Michael Bloomberg takes the reins again at his news group

The former mayor of New York has returned to run the market data and financial news group

Michael Bloomberg is set to return to the company he founded.

Michael Bloomberg is set to return to the company he founded.

 

Sitting still does not suit Michael Bloomberg. Eight months since he left political office, the former mayor of New York has returned to run the market data and financial news group that he owns and which bears his name.

Mr Bloomberg will not take the chief executive title but will formally run the company in which he has taken an increasingly hands-on role in recent months, overseeing new ventures such as a move to increase its clout in political coverage. Dan Doctoroff, Bloomberg’s chief executive since 2008, will leave at the end of this year. “It is and has always been Mike’s company,” Mr Doctoroff said in a statement. “It only makes sense for him to retake the helm.”

Mr Bloomberg had indicated he would not go back to the company he founded. But to friends and insiders, it was inevitable.

“He was restless,” one said. “He needed to be involved in something more challenging.”

His energy and intolerance for boredom are well-known. While the former mayor enjoys golf and spending time at his holiday home in Bermuda, he shows little interest in retiring. He has been actively involved at his philanthropic foundation and his gun control advocacy group since leaving City Hall in January.

But the pull from the company he founded proved too great to resist. His presence - in an unofficial capacity, at least - has certainly been felt at Bloomberg since he left the mayor’s office at the end of 2013. He was involved in recent changes to Bloomberg Television, which is broadening its focus beyond financial information, and sanctioned high-profile appointments, such as the hiring of John Heileman and Mark Halperin, a pair of well-connected political journalists, to run a new politics site.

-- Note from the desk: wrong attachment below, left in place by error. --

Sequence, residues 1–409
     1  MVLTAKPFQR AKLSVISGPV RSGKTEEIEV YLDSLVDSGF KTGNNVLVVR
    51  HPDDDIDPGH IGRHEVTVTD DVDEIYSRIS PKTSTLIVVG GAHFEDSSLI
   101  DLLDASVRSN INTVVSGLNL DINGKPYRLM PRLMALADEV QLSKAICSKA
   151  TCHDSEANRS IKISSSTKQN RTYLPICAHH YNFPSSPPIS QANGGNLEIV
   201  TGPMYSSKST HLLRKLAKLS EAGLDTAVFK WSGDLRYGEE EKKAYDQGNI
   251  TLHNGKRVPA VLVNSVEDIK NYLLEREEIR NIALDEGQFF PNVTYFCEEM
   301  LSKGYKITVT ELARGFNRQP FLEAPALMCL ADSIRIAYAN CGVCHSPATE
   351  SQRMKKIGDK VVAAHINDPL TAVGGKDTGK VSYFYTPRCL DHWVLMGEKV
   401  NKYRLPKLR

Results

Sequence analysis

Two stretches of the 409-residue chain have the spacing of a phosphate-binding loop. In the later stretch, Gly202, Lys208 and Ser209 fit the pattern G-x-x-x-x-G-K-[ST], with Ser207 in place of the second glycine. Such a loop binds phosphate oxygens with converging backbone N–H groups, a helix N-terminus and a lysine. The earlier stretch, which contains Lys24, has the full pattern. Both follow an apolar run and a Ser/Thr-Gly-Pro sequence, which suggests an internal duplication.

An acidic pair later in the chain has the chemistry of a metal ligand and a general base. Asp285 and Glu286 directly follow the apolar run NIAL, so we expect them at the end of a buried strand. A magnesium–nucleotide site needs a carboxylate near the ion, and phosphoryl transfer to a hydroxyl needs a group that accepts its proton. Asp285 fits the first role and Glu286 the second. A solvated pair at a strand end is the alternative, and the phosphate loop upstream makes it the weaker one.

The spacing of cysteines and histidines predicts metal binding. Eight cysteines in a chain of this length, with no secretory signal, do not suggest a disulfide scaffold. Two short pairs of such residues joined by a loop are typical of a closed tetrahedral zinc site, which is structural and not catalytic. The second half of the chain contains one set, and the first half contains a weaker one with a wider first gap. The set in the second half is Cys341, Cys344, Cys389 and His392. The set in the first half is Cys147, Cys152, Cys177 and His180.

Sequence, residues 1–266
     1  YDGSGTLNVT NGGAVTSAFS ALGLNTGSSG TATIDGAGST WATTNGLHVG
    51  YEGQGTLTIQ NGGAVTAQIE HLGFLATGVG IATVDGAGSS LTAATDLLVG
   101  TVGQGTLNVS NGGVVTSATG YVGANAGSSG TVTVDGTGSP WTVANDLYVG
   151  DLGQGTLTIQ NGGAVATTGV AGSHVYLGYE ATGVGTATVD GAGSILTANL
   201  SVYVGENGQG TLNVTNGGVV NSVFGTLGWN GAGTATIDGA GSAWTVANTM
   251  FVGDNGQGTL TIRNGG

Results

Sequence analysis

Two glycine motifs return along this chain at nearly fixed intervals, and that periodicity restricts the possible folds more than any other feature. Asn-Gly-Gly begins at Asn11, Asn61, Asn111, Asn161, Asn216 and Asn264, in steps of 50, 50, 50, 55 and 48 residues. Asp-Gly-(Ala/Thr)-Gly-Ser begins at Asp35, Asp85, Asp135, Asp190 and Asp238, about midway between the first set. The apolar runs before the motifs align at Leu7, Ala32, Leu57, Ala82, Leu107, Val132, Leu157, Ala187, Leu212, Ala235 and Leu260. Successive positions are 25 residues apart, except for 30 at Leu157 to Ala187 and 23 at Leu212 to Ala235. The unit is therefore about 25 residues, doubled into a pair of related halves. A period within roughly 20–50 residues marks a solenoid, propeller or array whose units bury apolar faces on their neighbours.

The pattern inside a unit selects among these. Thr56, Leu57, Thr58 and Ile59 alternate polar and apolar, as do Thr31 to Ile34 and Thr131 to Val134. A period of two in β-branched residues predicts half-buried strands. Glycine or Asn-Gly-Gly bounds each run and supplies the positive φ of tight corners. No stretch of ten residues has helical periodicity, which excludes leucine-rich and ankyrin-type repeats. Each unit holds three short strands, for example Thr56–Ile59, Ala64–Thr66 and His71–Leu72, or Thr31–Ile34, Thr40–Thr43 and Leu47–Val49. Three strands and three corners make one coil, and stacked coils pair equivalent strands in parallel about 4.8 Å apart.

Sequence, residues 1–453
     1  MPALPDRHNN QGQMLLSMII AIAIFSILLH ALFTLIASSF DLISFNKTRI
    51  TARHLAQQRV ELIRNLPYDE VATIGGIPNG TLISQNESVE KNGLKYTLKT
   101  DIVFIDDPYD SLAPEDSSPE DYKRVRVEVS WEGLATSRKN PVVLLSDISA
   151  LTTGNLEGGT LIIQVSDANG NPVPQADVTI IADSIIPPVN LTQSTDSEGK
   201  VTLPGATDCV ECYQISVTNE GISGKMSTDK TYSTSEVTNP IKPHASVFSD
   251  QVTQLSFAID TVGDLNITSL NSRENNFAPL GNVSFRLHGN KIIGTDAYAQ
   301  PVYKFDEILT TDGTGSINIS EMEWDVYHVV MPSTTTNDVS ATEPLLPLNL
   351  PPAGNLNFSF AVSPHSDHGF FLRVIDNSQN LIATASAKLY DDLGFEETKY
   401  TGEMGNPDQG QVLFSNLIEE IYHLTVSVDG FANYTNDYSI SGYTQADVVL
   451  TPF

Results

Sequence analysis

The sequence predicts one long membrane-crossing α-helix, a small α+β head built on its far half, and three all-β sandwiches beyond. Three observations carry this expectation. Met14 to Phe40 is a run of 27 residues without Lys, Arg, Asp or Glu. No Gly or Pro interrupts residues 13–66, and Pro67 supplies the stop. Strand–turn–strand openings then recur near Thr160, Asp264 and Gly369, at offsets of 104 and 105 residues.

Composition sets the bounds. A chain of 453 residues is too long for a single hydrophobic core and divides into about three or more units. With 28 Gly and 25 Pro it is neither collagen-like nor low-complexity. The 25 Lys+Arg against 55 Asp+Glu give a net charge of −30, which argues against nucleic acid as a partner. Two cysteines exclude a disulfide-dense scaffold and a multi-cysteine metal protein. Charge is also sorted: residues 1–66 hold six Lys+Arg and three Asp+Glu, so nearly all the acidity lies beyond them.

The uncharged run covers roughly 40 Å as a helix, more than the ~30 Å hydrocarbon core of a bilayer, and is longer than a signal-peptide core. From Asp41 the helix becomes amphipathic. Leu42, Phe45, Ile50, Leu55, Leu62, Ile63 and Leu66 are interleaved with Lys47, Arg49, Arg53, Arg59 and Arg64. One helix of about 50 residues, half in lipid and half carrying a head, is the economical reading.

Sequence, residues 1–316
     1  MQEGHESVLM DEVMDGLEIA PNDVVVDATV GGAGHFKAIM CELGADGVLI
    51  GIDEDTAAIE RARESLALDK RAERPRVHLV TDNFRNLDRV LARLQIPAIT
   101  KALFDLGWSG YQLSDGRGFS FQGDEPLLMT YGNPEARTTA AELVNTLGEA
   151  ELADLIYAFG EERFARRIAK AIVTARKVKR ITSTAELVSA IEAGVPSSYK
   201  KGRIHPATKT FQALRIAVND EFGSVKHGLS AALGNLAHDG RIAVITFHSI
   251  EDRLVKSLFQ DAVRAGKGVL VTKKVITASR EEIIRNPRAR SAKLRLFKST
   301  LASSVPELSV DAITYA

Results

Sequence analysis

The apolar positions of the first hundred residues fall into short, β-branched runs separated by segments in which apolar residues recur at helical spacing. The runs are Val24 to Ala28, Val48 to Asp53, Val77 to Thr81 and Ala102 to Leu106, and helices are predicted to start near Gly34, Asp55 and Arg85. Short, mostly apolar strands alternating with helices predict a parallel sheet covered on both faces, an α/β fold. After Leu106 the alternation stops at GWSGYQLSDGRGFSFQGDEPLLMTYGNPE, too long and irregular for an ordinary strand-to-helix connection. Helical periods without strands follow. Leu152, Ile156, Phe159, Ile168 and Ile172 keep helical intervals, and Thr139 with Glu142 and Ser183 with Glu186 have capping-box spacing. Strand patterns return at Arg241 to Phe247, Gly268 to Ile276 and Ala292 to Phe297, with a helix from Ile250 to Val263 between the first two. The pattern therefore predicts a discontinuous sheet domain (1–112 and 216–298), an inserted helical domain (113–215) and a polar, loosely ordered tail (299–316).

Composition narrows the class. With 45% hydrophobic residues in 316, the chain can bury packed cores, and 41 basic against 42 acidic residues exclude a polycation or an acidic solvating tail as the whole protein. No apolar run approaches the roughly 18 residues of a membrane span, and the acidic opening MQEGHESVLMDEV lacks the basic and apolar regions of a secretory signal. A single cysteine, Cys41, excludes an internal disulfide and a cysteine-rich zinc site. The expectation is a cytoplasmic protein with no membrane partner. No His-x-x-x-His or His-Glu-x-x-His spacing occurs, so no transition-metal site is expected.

Such moves dovetail with Mr Bloomberg’s interests and ambitions, said one friend. “He can’t run for president because he moved too far to the left. But he wants to be a player in the political discourse . . . this gives him a greater voice.”

Justin Smith, poached from Atlantic Media, is leading the company’s media operation, which grabs headlines but remains a small part of its business: Bloomberg terminals, which provide financial data to 321,000 subscribers, generate more than 80 per cent of its revenues.

Mr Doctoroff oversaw an increase in group revenues from $5.4 billion in 2007 to more than $9 billion in 2014, while its share of the financial information market rose from 26 per cent to 32 per cent, according to the private company.

Mr Bloomberg’s challenge will be to find the next phase of growth in a changed market where its customers are increasingly also competitors. Mr Doctoroff began a process of diversification, emerging markets are providing growth and there are hopes for the media operation, where Bloomberg wants to broaden its influence beyond its core financial audience. When the two have dovetailed in the past, however, the company has found itself in the spotlight.

In 2012, China restricted the number of visas issued to Bloomberg reporters after its investigation into the wealth accumulated by senior members of the ruling Communist party. Sales of Bloomberg terminals in China fell and Peter Grauer, Bloomberg chairman, later said it “should have rethought” the coverage.

Last year Goldman Sachs and JPMorgan, two of its biggest customers on Wall Street, voiced concerns that Bloomberg reporters had used data from the company’s terminals to track the users that they wrote about. Bloomberg eventually changed its data compliance and journalism practices after an independent review confirmed that its reporters had used such data in their news gathering.

Mr Doctoroff managed the fallout in both cases. A former deputy mayor under Mr Bloomberg, he ran New York’s bid to host the 2012 Olympics. The bid failed but the master plan was used as a blueprint for rejuvenating sections of the city.

Mr Doctoroff has strong contacts on Wall Street and in politics, but it is unclear what he will do next: Bloomberg said in a statement that it was likely he would focus on the non-profit sector. “I welcome the opportunity to embark on a new chapter and, in time, will decide what’s next,” he said.

Despite signs that the two men trod on each other’s toes, Mr Bloomberg told the New York Times Mr Doctoroff’s departure was not acrimonious: “The press always wants to write about a battle. There was not a battle,” he said.

Mr Bloomberg, who is worth an estimated $33 billion, left the chief executive’s role open, indicating that he could yet hire a successor to Mr Doctoroff. Until he does, he is back in the hot seat.

“Mike is kind of like God at the company,” Mr Doctoroff told the paper. “He created the universe. He issued the Ten Commandments and then he disappeared. And then he came back.”

Copyright The Financial Times Limited 2014